reactions will, in turn, have a major impact on local politics in the
run-up to the presidential election in March 2001.

Putin's stated rationale for his new territorial-administrative model
focused on the need to reimpose strong vertical power in order to
prevent the disintegration of the federation. But many Tatars from
across the political spectrum have interpreted Putin's statements as
directed against the unique status that Kazan negotiated with Moscow
in February 1994.

Rashit Yagafarov, chairman of the moderate nationalist Tatar Public
Center, said on 31 May that the proposed reorganization "ruins
everything that Tatarstan has achieved over the past 10 years." Other
commentators anticipate further measures to annul the privileges
Tatarstan enjoys. For example, the Kazan newspaper "Vremya i dengi" on
30 May reported that the Center for Strategic Development headed by
Putin's close ally German Gref has drafted plans for annulling the
power-sharing treaties that Bashkortostan and Tatarstan concluded with
Moscow and abolishing Tatarstan's Yelabuga offshore zone.

Tatarstan's President Mintimer Shaimiev initially expressed approval
of Putin's proposed new system of seven okrugs, which, he said, would
prove "a more efficient instrument" than the previous "flawed" system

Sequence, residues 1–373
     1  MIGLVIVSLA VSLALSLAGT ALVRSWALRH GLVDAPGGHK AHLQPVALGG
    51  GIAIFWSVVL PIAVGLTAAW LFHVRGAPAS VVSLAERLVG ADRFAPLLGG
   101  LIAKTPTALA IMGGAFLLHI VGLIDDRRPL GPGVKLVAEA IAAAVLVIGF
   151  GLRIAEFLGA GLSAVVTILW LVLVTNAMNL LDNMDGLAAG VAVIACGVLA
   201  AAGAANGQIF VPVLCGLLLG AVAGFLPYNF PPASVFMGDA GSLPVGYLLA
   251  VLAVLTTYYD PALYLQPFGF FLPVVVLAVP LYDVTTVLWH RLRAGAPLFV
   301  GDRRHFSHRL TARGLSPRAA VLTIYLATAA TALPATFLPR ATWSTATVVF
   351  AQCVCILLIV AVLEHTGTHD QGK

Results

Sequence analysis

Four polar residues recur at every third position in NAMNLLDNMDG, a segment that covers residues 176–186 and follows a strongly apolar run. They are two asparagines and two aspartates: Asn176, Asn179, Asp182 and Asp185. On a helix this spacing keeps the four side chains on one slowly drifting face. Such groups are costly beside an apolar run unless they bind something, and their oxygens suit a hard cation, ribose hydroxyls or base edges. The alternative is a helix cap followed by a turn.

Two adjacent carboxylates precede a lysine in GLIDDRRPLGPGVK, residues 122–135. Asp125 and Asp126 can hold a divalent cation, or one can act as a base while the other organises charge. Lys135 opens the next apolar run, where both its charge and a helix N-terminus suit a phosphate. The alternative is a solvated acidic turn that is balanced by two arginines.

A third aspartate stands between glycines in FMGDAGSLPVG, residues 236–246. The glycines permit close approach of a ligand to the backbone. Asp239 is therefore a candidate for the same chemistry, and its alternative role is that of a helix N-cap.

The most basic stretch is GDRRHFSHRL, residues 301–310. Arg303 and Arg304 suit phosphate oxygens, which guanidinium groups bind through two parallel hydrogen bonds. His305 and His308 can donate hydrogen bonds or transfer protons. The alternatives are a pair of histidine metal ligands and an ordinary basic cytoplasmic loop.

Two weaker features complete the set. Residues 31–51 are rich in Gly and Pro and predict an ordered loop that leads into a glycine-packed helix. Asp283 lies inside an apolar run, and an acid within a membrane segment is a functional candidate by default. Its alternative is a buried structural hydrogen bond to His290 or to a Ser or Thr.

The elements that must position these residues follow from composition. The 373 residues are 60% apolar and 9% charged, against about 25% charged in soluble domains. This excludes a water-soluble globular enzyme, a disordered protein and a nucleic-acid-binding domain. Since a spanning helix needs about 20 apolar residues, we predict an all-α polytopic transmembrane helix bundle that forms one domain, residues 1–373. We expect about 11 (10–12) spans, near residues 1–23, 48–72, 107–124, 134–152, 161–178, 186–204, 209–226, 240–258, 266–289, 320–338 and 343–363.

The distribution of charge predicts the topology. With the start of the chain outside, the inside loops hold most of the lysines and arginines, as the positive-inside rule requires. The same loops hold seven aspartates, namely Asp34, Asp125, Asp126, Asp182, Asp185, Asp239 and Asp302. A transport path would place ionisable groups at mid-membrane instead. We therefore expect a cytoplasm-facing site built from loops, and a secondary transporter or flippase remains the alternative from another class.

of presidential representatives for each of the 89 federation
subjects. Shaimiev subsequently told journalists in Moscow after
meeting with Putin on 17 May that he believed that the regional and
republican leaders would support Putin's supplementary plans
(announced that day) to revise the principles upon which the
Federation Council is based, At the same time, Shaimiev and Saratov
Governor Dmitrii Ayatskov also suggested that a new state council
composed of the heads of Russian territories be formed that would be
chaired by the Russian president.

But Tatarstan's parliamentary speaker Farid Mukhametshin, who like
Shaimiev had publicly endorsed the proposed division of Russia into
seven okrugs, suggested that Putin's draft mechanisms for recalling
elected heads of federation subjects, and his plans to vest regional
leaders with comparable powers to remove their own elected
subordinates, are undemocratic and unconstitutional and will likely
provoke a storm of protest from the radical Tatar opposition.
"Republika Tatarstan" on 20 May quoted Mukhametshin as suggesting that
Putin's proposal may in fact have been intended to provoke a backlash
at the local level that Moscow could then adduce as the rationale for
removing recalcitrant governors and presidents.

It is unclear, however, whether Shaimiev's initial positive response
to Putin's 13 May decree establishing the seven okrugs and their heads
was prompted by the assumption that he would be named head of the
Volga okrug. (That mega-region comprises the Bashkortostan, Marii El,
Mordovia, Tatarstan, Udmurtia, and Chuvash Republics, as well as the
Komi-Permyak Autonomous Okrug and Kirov, Nizhnii Novgorod, Orenburg,
Penza, Perm, Samara, Saratov, and Ulyanovsk oblasts.) According to
"Nezavisimaya gazeta" on 6 June, the governors of those regions